A Passover Round-Up: All You Need to Know About This Jewish Holiday
Feature Image by Carly Steinberg
What is Passover?
Passover is one of my favorite Jewish holidays, as it is a time where all my friends and family come together to share a meal and commemorate an important time in our history. It’s a holiday filled with laughs, matzo jokes, and plenty of Manischewitz wine to go around. On a more serious note, we celebrate Passover to commemorate the liberation of the Jewish people from Egypt.
The Big Rule
You may oftentimes hear a Jewish person say that they cannot eat this or that because they are fasting - and no, they are not partaking in the latest fad diet. Many Jewish holidays require us to fast in one way or another. During Passover, the big rule is that we are not allowed to eat leavened bread - AKA pretty much any grain product. Rather, we eat unleavened bread which we call Matzo. The story behind this is that while the Jewish people were escaping from Egypt, they did not have time for their bread to fully rise in the oven. So, they escaped with plenty of Matzo and made the best of it.
The Sedar Plate
A Passover dinner is called a Sedar, and there is a specific plate that is put on center stage during this holiday. The Sedar plate is a plate where each of the Jewish symbolic foods is arranged. There are 5 symbolic items on the plate: Maror, Charoset, Karpas, the Shankbone, and a Roasted Egg. The Maror is the bitter herb, horseradish. This bitter herb symbolizes the bitterness the Jewish people went through when they were slaves in Egypt. The Charoset is a sweet combination of apples, cinnamon, walnuts and wine. This delicious concoction represents the brick and mortar that the Jewish people used to build pyramids. The Karpas, symbolized by parsley, represents the hope that the Jewish people had as they were escaping. The parsley is dipped in salt water during the ceremony to represent the sweat and tears that were present at this time. The Shankbone represents the Paschal lamb that was served in the Temple of Jerusalem. It represents the sacrifice that took place that Sedar night long ago. The Roasted Egg also symbolizes sacrifice, but places a strong emphasis on mourning the destruction of the Temple.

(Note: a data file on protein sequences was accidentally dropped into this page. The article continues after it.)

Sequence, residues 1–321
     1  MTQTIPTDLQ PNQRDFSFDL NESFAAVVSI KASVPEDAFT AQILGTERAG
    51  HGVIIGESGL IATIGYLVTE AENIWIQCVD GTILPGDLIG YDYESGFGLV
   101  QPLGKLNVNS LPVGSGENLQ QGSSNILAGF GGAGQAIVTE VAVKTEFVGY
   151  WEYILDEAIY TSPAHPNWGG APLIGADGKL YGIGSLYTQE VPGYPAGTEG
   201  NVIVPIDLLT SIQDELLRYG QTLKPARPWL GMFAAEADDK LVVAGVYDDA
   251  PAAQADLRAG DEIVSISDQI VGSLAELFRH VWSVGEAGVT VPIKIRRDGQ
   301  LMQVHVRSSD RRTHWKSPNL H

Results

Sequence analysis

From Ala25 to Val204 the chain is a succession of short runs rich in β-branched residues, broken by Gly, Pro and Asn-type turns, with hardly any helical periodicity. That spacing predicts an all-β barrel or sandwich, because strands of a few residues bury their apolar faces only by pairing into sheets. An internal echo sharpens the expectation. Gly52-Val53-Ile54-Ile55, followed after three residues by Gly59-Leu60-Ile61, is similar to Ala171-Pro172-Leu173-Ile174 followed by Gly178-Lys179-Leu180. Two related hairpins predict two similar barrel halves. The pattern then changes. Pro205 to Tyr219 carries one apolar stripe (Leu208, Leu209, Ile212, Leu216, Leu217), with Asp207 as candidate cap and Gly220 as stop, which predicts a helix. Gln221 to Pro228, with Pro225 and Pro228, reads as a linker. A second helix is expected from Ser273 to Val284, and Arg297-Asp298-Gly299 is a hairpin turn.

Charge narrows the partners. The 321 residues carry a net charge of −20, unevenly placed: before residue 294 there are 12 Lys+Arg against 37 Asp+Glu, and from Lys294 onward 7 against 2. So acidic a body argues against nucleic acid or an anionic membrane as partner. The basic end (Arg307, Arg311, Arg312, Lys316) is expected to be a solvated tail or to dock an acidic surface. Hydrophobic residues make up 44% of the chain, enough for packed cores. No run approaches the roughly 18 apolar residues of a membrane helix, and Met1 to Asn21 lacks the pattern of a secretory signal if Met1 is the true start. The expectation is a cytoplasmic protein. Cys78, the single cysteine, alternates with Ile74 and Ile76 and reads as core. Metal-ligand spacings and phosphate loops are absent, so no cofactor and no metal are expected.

Passover Quick Facts
How long is Passover?
Usually the Sedar takes place the first two nights, but Passover is celebrated for up to 7 or 8 days.
What is the book that is read from during Passover?
What’s the fun game that is played?
A piece of matzo is broken in half and hidden in the house - which is called the Affi Koman. Whoever finds it gets a prize at the end of the night!
What are some popular desserts eaten on this night?
Chocolate covered matzo and coconut macaroons - yum!
What are some fun and creative meals to make with matzo?
Matzo pizza, matzo brei, matzo ball soup, matzo sandwich…we Jews know how to get creative!